Far from being the TV doomsday machines that some have predicted, digital video recorders that allow viewers to skip advertising and watch shows at their leisure will actually boost television audiences, the major networks said on Wednesday.
That was the principal finding in a report issued by the six major networks — CBS, ABC, NBC, Fox, the WB and UPN — that sought to allay concerns in the media industry that DVRs will undermine the commercial value of broadcast television.
(MSNBC is a joint venture between NBC and Microsoft.)
Advertisers and investors have watched the entry of DVRs into the mass market with a keen eye for several years. Some predicted the features that let viewers skip ads and watch programs at their leisure would spell the death of ad-supported broadcast TV and its prime-time programming schedule.
But in their research on the use of DVRs, the television networks said the technology offered an opportunity to attract viewers who might otherwise miss shows when they first air.
“For most of the top television programs, the audience will be greater for these programs as DVR penetration increases,” David Poltrack, head of ratings research for CBS, told reporters. “The DVR is going to increase viewership to major network television programs.”
Numbers of DVR users growingNearly 8 percent of U.S. homes use a DVR, with that number expected to grow to 39 percent by 2010. Acknowledging that trend, Nielsen in January will begin to issue national television ratings that include DVR playbacks within a day of original airing and up to seven days later.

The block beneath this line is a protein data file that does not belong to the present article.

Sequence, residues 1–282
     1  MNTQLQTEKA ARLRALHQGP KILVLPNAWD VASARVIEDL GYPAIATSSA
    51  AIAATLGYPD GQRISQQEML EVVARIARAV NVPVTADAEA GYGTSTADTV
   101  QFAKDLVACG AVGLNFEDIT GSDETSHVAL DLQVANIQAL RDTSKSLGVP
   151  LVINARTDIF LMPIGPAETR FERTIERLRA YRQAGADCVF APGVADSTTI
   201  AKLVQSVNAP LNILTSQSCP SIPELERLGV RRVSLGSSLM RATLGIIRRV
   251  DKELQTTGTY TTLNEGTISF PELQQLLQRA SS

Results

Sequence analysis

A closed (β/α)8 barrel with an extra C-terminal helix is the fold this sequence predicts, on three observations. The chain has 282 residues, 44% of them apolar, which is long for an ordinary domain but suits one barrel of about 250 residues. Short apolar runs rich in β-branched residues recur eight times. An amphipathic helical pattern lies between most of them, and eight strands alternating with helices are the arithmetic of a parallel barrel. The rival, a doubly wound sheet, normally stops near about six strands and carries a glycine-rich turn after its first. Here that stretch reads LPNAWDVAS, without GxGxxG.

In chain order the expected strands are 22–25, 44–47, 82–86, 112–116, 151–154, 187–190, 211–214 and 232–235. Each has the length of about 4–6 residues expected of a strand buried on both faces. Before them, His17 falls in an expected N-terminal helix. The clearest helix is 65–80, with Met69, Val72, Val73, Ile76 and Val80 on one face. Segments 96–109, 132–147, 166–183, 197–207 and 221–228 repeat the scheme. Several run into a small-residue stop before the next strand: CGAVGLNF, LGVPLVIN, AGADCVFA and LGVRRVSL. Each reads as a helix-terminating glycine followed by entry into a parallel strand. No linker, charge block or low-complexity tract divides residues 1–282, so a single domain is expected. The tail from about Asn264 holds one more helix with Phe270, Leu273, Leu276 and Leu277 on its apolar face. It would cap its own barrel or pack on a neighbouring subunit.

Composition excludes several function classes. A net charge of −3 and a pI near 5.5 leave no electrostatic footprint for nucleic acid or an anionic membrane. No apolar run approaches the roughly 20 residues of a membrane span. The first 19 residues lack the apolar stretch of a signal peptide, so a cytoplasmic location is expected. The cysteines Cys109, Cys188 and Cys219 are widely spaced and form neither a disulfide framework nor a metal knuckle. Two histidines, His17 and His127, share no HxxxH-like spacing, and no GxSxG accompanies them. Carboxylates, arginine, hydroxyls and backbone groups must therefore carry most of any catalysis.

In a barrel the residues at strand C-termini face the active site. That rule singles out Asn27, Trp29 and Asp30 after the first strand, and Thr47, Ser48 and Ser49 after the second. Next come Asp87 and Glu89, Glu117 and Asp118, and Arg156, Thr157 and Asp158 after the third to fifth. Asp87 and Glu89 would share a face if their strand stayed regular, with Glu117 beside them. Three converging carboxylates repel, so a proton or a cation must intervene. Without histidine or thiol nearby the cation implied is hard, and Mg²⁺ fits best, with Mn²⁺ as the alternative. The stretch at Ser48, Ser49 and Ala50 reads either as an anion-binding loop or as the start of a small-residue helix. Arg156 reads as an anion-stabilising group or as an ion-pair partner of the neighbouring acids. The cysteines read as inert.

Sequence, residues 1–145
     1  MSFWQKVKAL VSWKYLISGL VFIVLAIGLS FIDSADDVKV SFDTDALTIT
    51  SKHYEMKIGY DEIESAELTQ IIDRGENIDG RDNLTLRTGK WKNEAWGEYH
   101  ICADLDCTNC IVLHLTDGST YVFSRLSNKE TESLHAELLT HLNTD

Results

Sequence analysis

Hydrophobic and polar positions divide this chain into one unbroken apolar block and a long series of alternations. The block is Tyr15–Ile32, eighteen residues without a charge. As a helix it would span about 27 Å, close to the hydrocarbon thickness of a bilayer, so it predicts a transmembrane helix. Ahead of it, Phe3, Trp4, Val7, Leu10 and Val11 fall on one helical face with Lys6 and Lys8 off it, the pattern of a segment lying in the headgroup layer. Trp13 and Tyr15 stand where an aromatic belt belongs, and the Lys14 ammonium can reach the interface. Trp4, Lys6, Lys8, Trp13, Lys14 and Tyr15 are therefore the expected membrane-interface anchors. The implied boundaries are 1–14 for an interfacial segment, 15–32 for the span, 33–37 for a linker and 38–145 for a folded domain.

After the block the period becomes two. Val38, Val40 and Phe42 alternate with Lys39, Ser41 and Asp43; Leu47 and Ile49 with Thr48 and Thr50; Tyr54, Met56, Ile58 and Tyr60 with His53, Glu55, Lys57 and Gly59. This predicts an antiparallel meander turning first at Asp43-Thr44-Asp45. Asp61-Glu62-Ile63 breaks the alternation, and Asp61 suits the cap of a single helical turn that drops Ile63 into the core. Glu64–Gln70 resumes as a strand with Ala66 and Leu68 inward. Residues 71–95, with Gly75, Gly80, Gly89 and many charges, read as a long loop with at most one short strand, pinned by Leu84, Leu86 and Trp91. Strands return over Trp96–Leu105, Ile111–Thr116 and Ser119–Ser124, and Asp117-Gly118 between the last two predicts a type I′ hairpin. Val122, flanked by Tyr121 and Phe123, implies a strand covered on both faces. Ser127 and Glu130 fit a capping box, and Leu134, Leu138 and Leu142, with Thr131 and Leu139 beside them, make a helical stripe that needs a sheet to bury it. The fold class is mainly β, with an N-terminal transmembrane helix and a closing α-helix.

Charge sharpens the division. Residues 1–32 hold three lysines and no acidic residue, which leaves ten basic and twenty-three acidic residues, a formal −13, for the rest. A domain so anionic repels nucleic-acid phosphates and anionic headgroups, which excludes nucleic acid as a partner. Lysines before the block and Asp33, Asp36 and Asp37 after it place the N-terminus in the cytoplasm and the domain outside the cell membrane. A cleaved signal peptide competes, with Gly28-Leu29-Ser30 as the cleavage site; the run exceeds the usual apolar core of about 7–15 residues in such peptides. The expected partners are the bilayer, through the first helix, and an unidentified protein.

On average, homes with a DVR watched 5.7 hours of television daily compared with 5.1 hours for homes without the device, the networks said. DVR households still watch about 90 percent of their television at original broadcast time, while the remaining 10 percent that is recorded favor the most popular broadcast programs during a given season.
While 90 percent of viewers surveyed said they skipped all or most commercials when they watched a show played back on DVR, the networks’ research showed 58 percent paid attention to the commercials in a fast-forward mode and 53 percent have gone back to watch an ad that interested them, the networks said.
Advertisers have already shifted a portion of their spending to new media outlets, trying to reach consumers who devote more time to the Internet or other forms of entertainment. Many view television as part of a bigger mix of commercial vehicles, but say it has lost its dominant role.
“No single aspect of additional media choices that are occurring today is that concerning,” said Ellis Verdi, president of the DeVito/Verdi Advertising agency. “The pie has been split up many different ways.”
Television networks are also exploring new revenue models without advertising, including a deal between ABC and Apple Computer Inc. to sell downloads of its most popular shows on the portable iPod media player. NBC and CBS will offer video-on-demand playbacks of their shows for a fee as well.
“I think the entire DVR thing is transitional,” Poltrack said. “We’re probably going to see a much more complicated world where video on demand surpasses DVRs.”
CBS is part of Viacom Inc., ABC is owned by Walt Disney Co., NBC is a division of General Electric and Fox is controlled by News Corp.